Low birth weight, preschool education, and school remediation

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13 Scopus citations


Studies have documented a strong relationship between low birth-weight status and adverse child outcomes such as poor school performance and need for special education services. Following a cohort of more than 1,300 low-income and predominately African American children in the Chicago Longitudinal Study, the authors investigate whether birth weight and family socioeconomic risk measured at the time of the child's birth predicts placement into special education classes or grade retention in elementary school. Contrary to previous research, the authors find that low birth weight (<5.5 pounds) does not predict special education placement. Rather, these children (especially boys) are more likely to be retained in grade as an alternative approach in addressing poor school performance. Family socioeconomic risk at birth is a significant predictor of the need for remedial services. The authors also assess whether a high-quality preschool program offered at the ages between 3 and 4 can reduce the negative effects of low family socioeconomic status and birth weight on the need for special education and grade retention. Preschool participation in the Child-Parent Centers is found to reduce the likelihood of school remediation. The effects of preschool are greater for children from families with higher levels of socioeconomic disadvantage. The beneficial effects of preschool on special education placement are also larger for boys than for girls.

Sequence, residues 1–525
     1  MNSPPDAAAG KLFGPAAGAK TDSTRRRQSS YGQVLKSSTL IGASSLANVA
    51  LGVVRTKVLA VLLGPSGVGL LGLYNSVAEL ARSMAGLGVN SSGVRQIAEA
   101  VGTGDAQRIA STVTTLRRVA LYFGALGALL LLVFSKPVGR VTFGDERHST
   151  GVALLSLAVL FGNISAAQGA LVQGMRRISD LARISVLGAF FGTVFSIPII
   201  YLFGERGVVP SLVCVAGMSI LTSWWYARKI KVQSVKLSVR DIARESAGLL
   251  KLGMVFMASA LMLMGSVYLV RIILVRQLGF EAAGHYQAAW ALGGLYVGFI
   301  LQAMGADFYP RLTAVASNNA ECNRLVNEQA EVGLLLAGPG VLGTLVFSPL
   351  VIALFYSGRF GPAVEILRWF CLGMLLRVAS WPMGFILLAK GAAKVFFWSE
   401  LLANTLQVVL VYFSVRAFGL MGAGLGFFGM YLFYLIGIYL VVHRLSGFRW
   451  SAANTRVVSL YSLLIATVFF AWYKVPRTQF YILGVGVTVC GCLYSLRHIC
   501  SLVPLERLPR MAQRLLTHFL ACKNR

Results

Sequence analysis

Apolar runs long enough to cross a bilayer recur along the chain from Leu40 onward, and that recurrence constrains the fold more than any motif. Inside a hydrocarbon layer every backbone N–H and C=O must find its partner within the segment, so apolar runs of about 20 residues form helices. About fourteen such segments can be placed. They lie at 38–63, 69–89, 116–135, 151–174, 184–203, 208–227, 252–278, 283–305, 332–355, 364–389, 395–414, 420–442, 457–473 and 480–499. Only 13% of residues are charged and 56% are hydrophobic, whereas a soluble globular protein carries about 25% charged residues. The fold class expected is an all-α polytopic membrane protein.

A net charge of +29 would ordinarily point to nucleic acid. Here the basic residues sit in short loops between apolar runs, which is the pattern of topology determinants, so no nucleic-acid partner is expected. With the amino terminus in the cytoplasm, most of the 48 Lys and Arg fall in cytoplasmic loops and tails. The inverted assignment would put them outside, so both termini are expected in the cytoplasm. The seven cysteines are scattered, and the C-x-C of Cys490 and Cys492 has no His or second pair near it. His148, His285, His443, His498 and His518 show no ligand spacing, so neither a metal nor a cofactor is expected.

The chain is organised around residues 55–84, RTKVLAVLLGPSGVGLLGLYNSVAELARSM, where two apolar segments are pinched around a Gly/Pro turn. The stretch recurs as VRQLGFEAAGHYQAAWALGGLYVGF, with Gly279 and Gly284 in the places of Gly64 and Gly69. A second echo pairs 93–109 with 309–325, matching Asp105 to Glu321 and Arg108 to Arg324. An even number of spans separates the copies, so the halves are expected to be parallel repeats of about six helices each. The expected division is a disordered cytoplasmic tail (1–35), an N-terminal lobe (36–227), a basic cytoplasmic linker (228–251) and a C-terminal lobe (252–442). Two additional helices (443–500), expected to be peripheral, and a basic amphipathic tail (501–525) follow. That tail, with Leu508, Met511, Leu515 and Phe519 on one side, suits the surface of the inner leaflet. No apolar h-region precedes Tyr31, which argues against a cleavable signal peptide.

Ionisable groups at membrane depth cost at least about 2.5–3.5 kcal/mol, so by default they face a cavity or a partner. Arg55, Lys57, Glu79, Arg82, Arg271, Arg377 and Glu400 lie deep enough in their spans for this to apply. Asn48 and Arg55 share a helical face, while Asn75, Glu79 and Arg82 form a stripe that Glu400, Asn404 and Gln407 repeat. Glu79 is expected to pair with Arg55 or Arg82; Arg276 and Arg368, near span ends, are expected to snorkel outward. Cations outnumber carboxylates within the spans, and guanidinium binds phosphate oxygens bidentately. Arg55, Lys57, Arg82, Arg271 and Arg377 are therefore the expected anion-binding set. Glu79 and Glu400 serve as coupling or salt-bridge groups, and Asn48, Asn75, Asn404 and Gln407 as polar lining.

Original languageEnglish (US)
Pages (from-to)705-729
Number of pages25
JournalEducation and Urban Society
Issue number6
StatePublished - 2010


  • Birth weight
  • Grade retention
  • Minority students
  • Preschool intervention
  • Special education


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